A while back I introduced the new towels, napkins, coasters and runners, made in the Carolinas. Today I'm going to talk a little about how its done.
Here are their new Christmas designs!
Linoleum is an easily cut, inexpensive material where simple tools can bring good relief prints. Relief printing means removing material so that the remaining raised inked surface comes in contact with paper or in this case fabric. The ink is transferred to the fabric using pressure. Designs are made by what remains, or what is not cut away from the surface. There are few limits regarding designs-making linocuts as simple or detailed as the artist chooses.
Current brands of linoleum contain a gritty inner material that rapidly dulls tools, but battleship linoleum, while looking the same, is superior material. It cuts well when cold and like butter when warmed. A close lamp, iron or sunlight is enough heat to make a difference.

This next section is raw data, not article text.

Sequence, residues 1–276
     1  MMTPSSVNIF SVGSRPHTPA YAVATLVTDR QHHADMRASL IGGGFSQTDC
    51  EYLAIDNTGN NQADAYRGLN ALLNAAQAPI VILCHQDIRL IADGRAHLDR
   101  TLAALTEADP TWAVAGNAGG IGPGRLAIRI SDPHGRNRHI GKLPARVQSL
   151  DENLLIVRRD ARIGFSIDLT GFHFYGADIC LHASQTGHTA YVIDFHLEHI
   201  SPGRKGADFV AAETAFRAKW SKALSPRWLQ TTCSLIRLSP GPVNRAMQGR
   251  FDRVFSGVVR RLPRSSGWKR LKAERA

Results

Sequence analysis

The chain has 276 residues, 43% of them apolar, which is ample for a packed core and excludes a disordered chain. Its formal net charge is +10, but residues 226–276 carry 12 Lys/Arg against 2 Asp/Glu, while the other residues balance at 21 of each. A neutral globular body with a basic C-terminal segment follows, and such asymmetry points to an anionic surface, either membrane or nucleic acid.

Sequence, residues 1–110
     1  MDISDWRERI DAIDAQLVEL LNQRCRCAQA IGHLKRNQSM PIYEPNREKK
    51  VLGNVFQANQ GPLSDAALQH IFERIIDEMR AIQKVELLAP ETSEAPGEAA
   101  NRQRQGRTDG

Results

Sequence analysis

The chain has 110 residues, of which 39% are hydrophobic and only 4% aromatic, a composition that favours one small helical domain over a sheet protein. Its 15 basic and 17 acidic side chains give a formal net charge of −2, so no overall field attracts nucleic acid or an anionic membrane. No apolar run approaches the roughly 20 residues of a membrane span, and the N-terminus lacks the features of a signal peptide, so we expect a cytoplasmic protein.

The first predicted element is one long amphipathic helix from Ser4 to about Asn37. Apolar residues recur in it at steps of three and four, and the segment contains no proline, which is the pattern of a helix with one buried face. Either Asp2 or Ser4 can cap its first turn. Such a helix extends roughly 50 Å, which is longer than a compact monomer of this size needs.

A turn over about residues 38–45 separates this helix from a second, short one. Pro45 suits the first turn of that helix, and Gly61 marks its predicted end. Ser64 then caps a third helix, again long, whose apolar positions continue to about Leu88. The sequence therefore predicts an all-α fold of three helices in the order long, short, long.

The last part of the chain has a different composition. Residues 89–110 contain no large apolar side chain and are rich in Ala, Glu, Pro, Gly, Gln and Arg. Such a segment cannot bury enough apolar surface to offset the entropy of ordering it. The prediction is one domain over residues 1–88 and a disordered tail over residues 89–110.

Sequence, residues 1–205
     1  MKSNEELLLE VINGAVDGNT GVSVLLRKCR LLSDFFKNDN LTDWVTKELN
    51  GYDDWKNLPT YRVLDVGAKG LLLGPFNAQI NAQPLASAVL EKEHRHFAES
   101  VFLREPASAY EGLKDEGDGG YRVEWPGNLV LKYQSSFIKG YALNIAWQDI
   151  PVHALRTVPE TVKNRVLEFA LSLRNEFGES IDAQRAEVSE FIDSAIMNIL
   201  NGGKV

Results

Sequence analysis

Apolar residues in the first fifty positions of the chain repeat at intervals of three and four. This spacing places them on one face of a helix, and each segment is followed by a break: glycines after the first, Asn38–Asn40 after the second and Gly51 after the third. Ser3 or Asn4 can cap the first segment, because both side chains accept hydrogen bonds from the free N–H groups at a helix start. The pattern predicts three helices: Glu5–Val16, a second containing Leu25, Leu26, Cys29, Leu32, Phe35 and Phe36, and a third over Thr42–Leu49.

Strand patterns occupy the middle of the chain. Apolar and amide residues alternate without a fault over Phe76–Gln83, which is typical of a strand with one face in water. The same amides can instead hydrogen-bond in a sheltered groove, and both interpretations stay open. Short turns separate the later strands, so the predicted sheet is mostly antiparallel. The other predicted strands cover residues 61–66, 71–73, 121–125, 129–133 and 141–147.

You start by penciling a design on the lino, remembering that it will be reversed in the printing process. Some use a mirror to see the design inverted. Once you have a design, you redraw the lines with a permanent, blue ink Sharpie pen, marking across any unwanted lines to avoid errors. It helps to label areas to be cut out.
There are four cutting blades. They are "u," "v," a straight edge, and a pointed edge, all in various sizes. To start, you precut the lines using the pointed edge, holding the tool upright like a pencil, turning the lino to facilitate cutting curving lines. The pre-cutting makes for crisp edges and is good for close clearances.
The "v" gouge cuts a simple line and the "u" gouge scoops out large areas, cutting towards the already incised safety line from my original cutting with the pointed tool.
Once you have your design the way you want it you ink it with a brayer, put your fabric on it, if you have a press, you press it down, and it's done!! If you don't have a press using a wooden spoon rub it over the material to transfer the ink to the fabric.
That's all there is to it!!
Here is one of their every day designs we have.
- Jan Francoeur